Stephen Colbert made a real splash at the Correspondnt's Dinner that is televised here. This provoked The Washington Post's Richard Cohen to write a column entitled "So not funny" (Pretty pathetic, in order to demonstate his credentials as a "funny guy", Cohen cites some of his elementary school teachers.) I wrote the following letter in response:
Dear Mr Cohen,
So now we're beginning to see the reaction from the press corps. After previously trying to ignore Colbert's performance (Which personally, I thought was hilarious), the "scandalized" and "outraged" press corps goes to bat for their "Dear Leader".
You remark that Bush couldn't respond because of the civility and decorum that the setting and the moment required. Pardon me, but didn't Cindy Sheehan bring up exactly the same point that Colbert and Helen Thomas did? Didn't Sheehan ask "What was the noble cause that my son died for"? As you might remember, Bush was completely unable to answer that question.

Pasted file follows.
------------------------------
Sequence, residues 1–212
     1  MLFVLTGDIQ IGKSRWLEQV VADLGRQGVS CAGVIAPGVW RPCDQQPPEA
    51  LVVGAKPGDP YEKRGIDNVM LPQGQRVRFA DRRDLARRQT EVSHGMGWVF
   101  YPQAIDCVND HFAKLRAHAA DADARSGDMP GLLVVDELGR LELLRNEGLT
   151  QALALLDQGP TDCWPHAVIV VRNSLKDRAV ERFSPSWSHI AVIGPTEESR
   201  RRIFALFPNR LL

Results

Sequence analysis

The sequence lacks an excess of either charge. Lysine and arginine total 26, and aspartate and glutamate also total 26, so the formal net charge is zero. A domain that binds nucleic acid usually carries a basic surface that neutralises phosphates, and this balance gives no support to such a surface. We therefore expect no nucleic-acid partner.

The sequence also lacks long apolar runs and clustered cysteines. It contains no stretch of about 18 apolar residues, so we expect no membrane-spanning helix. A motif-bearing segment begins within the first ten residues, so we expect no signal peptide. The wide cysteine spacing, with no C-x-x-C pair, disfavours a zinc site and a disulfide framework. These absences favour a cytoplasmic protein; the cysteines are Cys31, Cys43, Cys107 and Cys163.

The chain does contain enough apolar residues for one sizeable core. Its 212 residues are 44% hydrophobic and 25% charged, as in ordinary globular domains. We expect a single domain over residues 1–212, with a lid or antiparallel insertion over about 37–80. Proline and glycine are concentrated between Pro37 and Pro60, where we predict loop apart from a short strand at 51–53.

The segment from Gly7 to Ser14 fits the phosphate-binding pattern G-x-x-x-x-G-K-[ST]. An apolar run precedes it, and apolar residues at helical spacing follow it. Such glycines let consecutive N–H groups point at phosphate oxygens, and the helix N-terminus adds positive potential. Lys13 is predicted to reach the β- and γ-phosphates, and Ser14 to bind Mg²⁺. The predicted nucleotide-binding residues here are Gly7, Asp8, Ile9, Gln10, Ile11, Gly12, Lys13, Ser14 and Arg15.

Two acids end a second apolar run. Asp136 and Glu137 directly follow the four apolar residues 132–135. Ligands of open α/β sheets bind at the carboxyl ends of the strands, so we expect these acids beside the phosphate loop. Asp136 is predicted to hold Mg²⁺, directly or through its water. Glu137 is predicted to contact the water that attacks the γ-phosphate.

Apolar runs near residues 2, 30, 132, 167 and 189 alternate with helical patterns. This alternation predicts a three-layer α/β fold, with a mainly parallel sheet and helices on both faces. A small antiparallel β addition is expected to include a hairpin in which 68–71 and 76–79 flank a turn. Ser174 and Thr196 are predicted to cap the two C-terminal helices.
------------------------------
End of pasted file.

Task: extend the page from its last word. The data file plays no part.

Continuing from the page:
Bush's inability to respond to Colbert's ribbing (Bush could very easily have given an interview the next day wherein he referred to "some critics" and explained to the American people what the answer to Helen Thomas' question was.) shows, again, that he simply can't answer any serious questions about the Iraq War. There simply are no answers. THAT was the true point of Colbert's performance.
Did Colbert demonstrate a lack of true courage? Perhaps, but he showed far more courage than the press corps did a few years back, when Bush "couldn't find the WMD" underneath the tables and couches in the White House. For that routine, the press corps' response was to laugh uproariously and to congratulate Bush on his marvelous sense of humor.
The press corps is now demonstrating far more tender concern for the fragile ego of America's "Dear Leader" than they are for any kinds of standards.